Must read FOI stories – 7/18/14
Special congrats to the FOIA advocacy website MuckRock, they got a shout out from the Daily Show this week for one of their FOIA requests:
- New Mexico’s Veteran’s Administration insists that its own congressional delegation file an official Freedom of Information Act request in order to learn more about its health care policies.
- FOIA find: Apple’s top legal executive points the finger at Google a week after it settled charges, brought by the Federal Trade Commission, that it failed to provide adequate disclosures for in-app transactions. In an email Apple urged the FTC to investigate Google for similar issues in Android.
- The City of Ann Arbor now publishes its FOIA request log online — no need for official request.
- The City of Albuquerque changes its records policy — announcing that will charge no more than $6.75 for DVDs and $2.75 for CDs for public records requests — in response to complaints.
- Local Pennsylvania county government ordered to release an unredacted report on county government prepared by a private investigator.
- Wisconsin State Senator turns to the Attorney General to compel the Government Accountability Board to open up its books after it applied that open records laws do not apply to it.
- Barely a week after Riverside launched a new Web portal with information on city finances, police and fire calls, and access to thousands of other records, the portal has been viewed nearly 16,000 times.
- If you ask for copies of public records from North Canton, Ohio, you’ll be waiting on snail mail because they refuse to email them to you.
- A hopeful Wyoming Governor promises to prohibit her employees the use of a public records “loophole,” known as the deliberative process privilege, if elected.
- Boston Globe reporter looks at campaign finance data and finds that Massachusetts candidates spent thousands of dollars a year on coffee and doughnuts.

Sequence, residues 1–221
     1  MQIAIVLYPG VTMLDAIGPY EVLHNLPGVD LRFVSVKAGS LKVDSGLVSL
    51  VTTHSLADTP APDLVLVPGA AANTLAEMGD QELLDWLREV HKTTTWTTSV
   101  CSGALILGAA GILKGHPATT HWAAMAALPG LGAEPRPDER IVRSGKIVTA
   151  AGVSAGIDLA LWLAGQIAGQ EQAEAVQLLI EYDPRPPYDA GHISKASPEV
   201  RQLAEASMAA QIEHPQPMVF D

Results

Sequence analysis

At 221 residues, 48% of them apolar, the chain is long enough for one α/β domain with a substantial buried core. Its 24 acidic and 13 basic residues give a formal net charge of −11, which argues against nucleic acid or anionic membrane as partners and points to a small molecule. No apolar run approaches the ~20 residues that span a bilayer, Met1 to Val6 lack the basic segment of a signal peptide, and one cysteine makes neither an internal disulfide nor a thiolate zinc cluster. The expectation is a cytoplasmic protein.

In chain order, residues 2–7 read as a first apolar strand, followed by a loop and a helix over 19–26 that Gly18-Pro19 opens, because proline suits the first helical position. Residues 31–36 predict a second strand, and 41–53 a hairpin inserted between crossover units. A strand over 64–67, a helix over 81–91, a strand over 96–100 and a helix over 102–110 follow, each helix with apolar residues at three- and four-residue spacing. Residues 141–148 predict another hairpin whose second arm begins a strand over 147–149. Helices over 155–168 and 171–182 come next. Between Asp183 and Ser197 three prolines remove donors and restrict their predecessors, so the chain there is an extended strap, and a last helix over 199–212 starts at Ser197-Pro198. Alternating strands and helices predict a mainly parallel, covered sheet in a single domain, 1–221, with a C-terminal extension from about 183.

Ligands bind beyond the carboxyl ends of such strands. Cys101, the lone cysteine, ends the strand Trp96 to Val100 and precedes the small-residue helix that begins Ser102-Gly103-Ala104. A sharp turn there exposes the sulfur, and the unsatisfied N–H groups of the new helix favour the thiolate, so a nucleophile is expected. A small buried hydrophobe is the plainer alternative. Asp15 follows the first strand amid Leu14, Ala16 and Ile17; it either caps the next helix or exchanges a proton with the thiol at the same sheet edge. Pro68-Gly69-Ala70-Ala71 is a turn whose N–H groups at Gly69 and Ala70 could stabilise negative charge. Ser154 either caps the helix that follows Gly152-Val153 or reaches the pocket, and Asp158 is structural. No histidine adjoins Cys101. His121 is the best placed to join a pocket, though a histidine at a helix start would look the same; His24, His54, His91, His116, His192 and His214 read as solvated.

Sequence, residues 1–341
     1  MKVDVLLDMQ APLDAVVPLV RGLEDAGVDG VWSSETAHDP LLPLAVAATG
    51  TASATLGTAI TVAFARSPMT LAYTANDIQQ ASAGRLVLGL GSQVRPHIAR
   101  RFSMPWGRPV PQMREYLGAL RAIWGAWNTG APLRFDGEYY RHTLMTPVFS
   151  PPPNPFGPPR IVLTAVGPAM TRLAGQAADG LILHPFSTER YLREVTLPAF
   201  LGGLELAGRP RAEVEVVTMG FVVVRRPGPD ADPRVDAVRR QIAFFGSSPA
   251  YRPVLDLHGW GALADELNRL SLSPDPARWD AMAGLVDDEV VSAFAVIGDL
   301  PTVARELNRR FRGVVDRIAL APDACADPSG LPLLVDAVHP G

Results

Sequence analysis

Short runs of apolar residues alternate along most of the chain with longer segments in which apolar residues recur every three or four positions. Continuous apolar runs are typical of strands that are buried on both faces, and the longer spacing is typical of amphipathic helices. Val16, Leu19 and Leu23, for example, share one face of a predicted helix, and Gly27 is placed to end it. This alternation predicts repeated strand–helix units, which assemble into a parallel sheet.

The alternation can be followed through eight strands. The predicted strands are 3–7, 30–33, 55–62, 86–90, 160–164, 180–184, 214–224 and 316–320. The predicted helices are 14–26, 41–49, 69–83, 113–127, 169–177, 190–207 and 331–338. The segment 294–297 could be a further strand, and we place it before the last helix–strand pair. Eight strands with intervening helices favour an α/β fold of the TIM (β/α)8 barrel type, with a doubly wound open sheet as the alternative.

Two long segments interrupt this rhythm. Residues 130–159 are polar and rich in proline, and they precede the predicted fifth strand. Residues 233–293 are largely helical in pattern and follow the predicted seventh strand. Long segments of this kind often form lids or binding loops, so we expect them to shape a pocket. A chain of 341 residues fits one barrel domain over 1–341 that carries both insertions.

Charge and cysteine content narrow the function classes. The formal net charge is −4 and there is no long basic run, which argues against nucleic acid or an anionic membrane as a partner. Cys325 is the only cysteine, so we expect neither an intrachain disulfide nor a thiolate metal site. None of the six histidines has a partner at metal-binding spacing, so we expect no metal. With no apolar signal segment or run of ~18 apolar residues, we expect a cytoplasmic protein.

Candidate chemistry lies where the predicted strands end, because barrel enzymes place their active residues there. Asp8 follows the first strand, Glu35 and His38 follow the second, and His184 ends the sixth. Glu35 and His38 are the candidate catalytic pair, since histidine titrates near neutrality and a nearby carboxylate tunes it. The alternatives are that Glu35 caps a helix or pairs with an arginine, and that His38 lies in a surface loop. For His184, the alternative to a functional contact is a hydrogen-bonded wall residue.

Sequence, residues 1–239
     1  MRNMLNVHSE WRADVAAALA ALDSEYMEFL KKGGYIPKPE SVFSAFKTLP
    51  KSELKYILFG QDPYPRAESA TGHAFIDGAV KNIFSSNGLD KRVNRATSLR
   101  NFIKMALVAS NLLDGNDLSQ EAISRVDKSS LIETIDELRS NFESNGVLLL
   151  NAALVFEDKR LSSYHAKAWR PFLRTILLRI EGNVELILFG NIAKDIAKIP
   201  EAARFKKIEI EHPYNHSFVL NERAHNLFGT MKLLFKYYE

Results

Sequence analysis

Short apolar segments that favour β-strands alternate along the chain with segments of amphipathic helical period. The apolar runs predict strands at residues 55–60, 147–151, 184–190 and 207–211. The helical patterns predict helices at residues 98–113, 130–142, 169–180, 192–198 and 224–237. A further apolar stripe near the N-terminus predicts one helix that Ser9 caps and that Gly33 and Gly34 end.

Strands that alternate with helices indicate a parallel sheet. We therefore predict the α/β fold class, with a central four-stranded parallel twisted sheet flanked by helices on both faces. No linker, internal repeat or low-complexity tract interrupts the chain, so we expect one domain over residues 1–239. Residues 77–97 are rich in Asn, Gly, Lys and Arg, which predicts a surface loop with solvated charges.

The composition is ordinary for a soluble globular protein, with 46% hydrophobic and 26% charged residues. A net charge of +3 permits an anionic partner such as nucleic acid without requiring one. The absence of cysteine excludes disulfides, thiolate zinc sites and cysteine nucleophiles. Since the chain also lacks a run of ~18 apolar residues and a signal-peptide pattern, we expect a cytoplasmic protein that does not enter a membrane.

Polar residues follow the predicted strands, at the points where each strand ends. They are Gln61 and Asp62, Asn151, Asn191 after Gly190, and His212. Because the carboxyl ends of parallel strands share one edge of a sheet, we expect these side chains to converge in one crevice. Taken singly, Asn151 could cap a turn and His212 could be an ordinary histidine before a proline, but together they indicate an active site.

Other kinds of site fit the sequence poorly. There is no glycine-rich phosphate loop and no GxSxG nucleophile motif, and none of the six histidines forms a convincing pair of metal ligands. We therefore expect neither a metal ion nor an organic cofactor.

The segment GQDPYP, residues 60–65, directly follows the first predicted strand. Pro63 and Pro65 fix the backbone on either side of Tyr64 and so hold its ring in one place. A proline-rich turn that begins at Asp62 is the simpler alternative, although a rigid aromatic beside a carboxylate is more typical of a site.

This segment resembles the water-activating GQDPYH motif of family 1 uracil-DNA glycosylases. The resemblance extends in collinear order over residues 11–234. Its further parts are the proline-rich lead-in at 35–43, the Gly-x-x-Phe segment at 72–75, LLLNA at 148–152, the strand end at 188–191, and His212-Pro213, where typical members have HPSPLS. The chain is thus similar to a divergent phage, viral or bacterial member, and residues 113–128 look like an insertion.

- Opinion: The new bipartisan FOIA reform doesn’t go far enough. Congress should exempt Environmental Protection Agency from FOIA b(5).
- New Mexico has a new plan to give wider public access to court records via Web database.
- Virginia Supreme Court ordered the nonprofit Energy & Environment Legal Institute to pay $250 in damages to a former University of Virginia professor and the school following the institute’s failed legal bid to obtain emails regarding climate change research via FOIA.
- US Department of State denies FOIA request for emails of former NSA contractor, Edward Snowden, citing that it could be an “unwarranted invasion of personal privacy.”
- New members of Olympia, Washington city councils, county commissions, school boards, fire commissions and special districts as well as statewide elected officials will be required to take FOIA and open meetings training.
- Bad FOIA news: South Carolina Supreme Court rules that autopsy reports are not public records.
- Interesting twist, two Rhode Island state agencies are being sued by the state’s own Attorney General for failing to respond to a reporter open records act request.
- Government transparency expert Eric Gillespie, founder and CEO of Govini, has been appointed to the newly formed FOIA Advisory Committee and will chair the subcommittee on proactive disclosure.
- CIA refuses to hand over its records on notorious East German Stasi head Erich Mielke.
- Environmental Protection Agency’s inspector general released an audit that concluded the agency did not show bias in denying fee waivers on open-records requests from conservative-leaning groups while approving those from liberal-leaning groups.
- Check out how federal agencies fared in this Freedom of Information report card.
- Watchdog.org resorts to FOIA request for info on immigraiton crisis, claims Virginia Governor Terry McAuliffe is stonewalling and not returning press calls.
- The ACLU is criticizing Washington D.C. Mayor Vincent C. Gray for unprecedented delays in turning over data sought by the public through Freedom of Information Act requests.
- FOIA lawsuit dismissed after Michigan Attorney General releases documents sought by T.V. news crew (don’t know if I’d call this a win, it saddens me that it takes a lawsuit to force compliance).
David Schick is the summer 2014 Pulliam/Kilgore Freedom of Information intern for SPJ, reporting and researching public records and FOI issues. Contact him at firstname.lastname@example.org or interact on Twitter: @davidcschick